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What do I need to do following a data breach?

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By Stuart Snape, Managing Partner, Graham Coffey & Co. Solicitors

Any business or individual is susceptible to a data breach. Data from the latest IT Governance study indicates that the number of reported security breaches rose by 11% from 1,120 in 2020 to 1,243 in 2021, leading to 5.13 billion compromised records containing sensitive information.

The reality of your personal data being stolen can indeed be daunting, but it is crucial to know that there are measures available to mitigate the damage of the breach and restrict the propagation of leaked sensitive data.

Here, we outline how you can devise an effective plan to respond to a breach and also detail the steps you can take if you suspect a personal data breach. Whether a misplaced email, a stolen laptop, or a compromised online account, asserting your legal rights to protect your data protection is imperative.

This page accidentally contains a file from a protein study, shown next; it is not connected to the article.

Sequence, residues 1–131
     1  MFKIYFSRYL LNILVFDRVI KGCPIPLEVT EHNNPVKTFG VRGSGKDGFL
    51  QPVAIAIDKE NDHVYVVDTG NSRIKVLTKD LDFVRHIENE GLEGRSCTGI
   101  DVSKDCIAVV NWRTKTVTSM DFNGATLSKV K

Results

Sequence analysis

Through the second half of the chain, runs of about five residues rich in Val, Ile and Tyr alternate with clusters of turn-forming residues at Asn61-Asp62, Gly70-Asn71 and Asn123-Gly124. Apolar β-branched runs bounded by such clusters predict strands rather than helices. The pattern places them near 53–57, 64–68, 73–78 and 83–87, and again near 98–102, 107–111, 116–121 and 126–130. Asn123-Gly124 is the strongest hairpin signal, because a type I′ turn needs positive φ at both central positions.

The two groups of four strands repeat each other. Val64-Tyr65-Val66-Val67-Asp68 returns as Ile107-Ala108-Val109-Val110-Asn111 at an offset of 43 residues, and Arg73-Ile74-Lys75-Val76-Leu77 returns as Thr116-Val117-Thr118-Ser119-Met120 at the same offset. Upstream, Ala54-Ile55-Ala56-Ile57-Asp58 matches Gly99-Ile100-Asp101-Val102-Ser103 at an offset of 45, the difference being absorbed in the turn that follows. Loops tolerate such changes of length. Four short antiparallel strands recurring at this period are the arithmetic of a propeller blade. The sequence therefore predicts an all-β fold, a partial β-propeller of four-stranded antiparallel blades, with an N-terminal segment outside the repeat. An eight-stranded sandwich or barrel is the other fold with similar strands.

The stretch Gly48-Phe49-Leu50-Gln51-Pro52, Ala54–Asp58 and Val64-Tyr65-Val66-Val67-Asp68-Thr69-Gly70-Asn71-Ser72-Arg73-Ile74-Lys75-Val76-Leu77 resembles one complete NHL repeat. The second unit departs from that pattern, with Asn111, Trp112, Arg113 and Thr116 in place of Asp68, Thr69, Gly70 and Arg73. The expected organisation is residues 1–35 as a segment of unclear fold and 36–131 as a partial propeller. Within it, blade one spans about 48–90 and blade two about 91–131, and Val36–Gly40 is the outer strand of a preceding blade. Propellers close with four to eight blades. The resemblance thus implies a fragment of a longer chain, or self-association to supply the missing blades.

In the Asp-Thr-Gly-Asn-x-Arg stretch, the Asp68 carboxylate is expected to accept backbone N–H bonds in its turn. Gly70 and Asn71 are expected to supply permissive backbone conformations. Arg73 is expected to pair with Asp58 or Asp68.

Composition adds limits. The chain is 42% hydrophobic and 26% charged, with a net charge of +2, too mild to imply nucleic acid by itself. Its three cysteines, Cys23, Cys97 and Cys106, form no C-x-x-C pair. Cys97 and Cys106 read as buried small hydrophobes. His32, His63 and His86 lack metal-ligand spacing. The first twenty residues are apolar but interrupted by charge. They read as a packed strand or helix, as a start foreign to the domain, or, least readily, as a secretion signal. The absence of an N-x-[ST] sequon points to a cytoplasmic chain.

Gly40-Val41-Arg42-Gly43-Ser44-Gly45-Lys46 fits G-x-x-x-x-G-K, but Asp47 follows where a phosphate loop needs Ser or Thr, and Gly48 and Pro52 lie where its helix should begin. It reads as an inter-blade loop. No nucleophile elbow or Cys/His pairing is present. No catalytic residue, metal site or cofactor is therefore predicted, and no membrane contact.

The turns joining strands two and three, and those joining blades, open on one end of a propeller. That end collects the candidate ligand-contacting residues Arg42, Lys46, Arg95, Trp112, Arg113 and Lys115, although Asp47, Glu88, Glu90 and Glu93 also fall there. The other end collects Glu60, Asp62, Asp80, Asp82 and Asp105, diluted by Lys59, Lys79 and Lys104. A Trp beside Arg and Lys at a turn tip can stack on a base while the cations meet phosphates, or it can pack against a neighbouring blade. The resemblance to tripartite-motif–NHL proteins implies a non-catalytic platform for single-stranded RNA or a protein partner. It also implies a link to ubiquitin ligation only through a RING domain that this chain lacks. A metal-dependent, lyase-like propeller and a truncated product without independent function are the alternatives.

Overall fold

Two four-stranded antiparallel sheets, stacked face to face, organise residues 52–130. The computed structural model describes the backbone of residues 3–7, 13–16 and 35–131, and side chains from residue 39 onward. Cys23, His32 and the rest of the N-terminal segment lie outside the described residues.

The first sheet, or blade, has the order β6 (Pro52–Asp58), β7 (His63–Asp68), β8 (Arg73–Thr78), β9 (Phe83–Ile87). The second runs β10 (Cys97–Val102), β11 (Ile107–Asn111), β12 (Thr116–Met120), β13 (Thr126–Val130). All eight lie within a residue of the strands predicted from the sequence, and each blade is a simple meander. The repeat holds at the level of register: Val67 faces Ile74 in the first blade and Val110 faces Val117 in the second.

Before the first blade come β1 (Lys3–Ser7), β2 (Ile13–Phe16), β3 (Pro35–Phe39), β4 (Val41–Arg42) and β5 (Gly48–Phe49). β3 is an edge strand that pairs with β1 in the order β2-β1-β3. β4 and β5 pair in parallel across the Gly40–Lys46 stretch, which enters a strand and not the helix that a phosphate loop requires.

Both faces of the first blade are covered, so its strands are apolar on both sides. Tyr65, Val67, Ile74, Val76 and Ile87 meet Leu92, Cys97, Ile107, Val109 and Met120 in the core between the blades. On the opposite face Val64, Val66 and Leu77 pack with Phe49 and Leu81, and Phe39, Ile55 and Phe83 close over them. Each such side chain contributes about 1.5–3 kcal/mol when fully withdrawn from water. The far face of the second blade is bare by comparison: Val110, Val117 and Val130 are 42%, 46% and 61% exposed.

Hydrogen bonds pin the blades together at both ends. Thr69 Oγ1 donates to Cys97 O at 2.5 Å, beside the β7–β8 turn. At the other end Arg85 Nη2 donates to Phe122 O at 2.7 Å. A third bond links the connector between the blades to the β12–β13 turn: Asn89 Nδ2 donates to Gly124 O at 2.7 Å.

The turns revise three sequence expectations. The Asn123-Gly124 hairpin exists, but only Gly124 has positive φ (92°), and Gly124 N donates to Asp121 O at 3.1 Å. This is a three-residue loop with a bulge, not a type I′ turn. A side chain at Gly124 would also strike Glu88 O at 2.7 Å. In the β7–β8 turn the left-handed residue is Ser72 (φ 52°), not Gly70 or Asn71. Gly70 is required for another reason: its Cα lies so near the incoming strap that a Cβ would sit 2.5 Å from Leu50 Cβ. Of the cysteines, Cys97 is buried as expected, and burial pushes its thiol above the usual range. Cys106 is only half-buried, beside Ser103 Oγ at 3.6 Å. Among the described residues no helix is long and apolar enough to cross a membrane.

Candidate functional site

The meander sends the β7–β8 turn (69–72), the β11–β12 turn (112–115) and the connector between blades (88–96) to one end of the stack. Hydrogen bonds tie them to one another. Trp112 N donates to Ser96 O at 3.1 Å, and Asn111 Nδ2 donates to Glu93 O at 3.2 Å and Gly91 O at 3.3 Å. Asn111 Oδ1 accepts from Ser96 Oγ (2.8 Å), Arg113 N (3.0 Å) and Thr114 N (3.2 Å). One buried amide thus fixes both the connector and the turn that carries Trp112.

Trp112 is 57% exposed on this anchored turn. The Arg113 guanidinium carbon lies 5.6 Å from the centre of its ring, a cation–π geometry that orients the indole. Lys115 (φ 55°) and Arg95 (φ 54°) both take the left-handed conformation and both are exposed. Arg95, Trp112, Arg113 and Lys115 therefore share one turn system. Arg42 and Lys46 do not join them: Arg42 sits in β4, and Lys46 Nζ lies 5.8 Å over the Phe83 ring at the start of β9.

Who protects your personal data?

In the UK, the responsibility of safeguarding personal data privacy and advocating data rights in public interest lies with the Information Commissioner’s Office (ICO). The ICO is tasked with implementing the Data Protection Act 2018, which outlines how organisations, businesses, and the government should handle personal data. This law is modelled on the General Data Protection Regulation (GDPR) of the European Union, hence they are quite similar.

The ICO mandates that all organisations handling your personal data adhere to “data protection principles” ensuring that the stored and processed data is:

  • Utilised in a lawful, fair, and transparent manner

  • Used exclusively for the stated purposes

  • Accurate

  • Retained only as long as necessary

  • Secured with adequate measures to prevent unauthorised or illegal processing, loss, destruction, or damage

The ICO places significant emphasis on safeguarding personal data privacy, especially in relation to data that discloses an individual’s identity such as:

  • Race

  • Ethnicity

  • Political beliefs

  • Religion

  • Biometrics

  • Union membership

  • Sexual orientation

  • Health